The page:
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How to Become a Knife Dealer

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Many people buy and use knives for outdoor activities such as hunting and fishing. People also collect knives because they like the way they look and feel. There are many kinds of knife dealers, and there are many kinds of knives. Knife dealers generally buy knives wholesale and then sell them at a store or at knife and gun shows. Other dealers sell knives over the Internet. All knife dealers must follow certain business rules and conform to specific standards for the industry.

Determine what kind of dealer you want to be. Some dealers sell knives from a physical store while others sell at knife an gun shows or at flea markets. Others run knife businesses online. Some knife dealers run their businesses as a combination of the various types.

Open your knife business legally. You will need to start a sole proprietorship, a partnership, an LLC or a corporation. Each has its own advantages and disadvantages. When dealing with potentially dangerous articles such as knives, the personal protection that an LLC or corporation offers is worth considering. You’ll need to set up a tax account with your state so that you can collect and submit sales tax if applicable. You will also need to get a business license in the city or town you will operate from. More information can be found at the Internal Revenue Service website. You should also speak to an attorney about your responsibilities as a business owner.

Establish your market and which products will fit your market's needs. If you are selling at knife and gun shows you may want to specialize in exotic and collectible knives. However, if your are selling from a storefront, traditional practical knives might be your market. If are planning to sell online, high-end, premium products at attractive, Internet-only pricing might be the right choice.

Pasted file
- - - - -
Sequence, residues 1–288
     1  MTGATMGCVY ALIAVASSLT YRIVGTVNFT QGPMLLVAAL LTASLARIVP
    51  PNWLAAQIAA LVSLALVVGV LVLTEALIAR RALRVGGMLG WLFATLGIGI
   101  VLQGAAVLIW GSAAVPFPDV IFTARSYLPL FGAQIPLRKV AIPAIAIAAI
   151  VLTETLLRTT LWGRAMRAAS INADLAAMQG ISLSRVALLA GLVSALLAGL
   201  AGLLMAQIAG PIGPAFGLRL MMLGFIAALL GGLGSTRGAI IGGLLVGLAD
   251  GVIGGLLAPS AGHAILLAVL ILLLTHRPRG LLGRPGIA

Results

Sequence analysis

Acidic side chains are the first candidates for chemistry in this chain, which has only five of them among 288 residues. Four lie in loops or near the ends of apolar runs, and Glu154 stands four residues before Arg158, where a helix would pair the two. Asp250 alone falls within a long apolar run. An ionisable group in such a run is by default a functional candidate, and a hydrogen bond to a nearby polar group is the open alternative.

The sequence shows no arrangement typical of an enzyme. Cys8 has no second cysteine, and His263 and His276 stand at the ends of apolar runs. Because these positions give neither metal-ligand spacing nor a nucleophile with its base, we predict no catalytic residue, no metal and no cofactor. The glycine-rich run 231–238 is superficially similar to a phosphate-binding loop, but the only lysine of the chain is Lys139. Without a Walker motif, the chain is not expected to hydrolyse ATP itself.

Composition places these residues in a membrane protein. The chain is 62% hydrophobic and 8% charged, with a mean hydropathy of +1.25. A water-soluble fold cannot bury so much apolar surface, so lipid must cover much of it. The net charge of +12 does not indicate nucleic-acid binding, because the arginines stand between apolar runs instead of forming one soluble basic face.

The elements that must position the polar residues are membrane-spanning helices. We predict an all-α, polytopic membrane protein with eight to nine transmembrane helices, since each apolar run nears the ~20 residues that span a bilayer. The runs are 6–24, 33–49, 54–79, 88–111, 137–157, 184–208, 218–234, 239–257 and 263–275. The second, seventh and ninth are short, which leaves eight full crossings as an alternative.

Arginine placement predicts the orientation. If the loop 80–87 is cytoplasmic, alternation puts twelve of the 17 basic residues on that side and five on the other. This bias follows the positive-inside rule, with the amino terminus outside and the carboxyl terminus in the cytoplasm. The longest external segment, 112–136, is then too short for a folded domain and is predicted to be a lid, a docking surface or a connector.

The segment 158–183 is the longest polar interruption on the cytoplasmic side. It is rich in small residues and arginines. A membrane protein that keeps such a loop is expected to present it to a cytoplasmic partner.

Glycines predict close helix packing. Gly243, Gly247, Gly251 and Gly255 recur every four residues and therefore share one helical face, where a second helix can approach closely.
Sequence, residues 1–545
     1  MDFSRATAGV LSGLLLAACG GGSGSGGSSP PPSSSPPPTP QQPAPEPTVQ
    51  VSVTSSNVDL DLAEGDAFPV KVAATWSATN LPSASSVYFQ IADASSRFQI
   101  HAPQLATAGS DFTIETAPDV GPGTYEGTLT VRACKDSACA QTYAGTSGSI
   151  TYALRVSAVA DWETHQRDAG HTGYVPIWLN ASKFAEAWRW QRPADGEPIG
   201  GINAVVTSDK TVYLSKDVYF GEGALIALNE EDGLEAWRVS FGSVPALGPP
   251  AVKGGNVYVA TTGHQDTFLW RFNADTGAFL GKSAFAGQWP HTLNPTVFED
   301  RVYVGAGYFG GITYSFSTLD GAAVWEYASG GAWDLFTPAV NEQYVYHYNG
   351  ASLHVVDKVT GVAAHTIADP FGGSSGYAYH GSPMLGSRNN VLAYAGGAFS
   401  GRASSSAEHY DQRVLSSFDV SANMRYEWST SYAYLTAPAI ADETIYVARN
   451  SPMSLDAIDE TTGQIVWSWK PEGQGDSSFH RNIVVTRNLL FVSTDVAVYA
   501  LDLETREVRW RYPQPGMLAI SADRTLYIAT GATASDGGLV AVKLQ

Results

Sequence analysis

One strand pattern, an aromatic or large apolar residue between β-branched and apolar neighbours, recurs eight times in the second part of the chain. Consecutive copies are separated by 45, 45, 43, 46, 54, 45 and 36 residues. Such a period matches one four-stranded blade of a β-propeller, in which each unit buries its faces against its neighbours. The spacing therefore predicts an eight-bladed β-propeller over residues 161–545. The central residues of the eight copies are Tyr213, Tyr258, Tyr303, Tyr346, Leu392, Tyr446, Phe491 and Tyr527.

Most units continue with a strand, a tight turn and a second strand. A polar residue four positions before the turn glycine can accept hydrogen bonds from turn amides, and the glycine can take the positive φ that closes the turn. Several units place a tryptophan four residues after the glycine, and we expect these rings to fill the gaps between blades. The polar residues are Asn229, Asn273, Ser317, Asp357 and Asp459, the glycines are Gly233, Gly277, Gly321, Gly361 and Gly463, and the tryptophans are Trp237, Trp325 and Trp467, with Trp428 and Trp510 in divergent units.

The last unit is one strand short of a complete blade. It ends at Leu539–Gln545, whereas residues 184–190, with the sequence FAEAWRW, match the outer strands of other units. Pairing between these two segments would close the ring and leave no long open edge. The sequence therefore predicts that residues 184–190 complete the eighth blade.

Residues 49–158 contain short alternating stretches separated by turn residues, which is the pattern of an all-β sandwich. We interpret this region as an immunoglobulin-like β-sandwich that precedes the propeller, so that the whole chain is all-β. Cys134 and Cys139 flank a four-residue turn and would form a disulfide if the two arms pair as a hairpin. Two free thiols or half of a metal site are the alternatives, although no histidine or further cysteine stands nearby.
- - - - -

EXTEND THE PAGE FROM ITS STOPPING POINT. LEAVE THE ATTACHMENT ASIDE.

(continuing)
Contact and form relationships with the manufacturers or distributors of the knives you want to sell. It can sometimes be difficult to establish accounts with distributors as a new business. Be prepared to pay cash or C.O.D. at the beginning. Additionally, some manufacturers will deal only with brick-and-mortar stores.

Market your product. If you have opened a storefront, you will need to advertise to your selected market to get the most for your money. If you are selling at shows, do some research to find the most promising ones by attending as a customer and talking to other vendors.


Mykal May has been writing professionally since 1992. She has published work in a number of print magazines including Brio and Pockets and for various Web sites. She has a Bachelor of Arts in writing and a Bachelor of Science in family relationships from Central Missouri State University.

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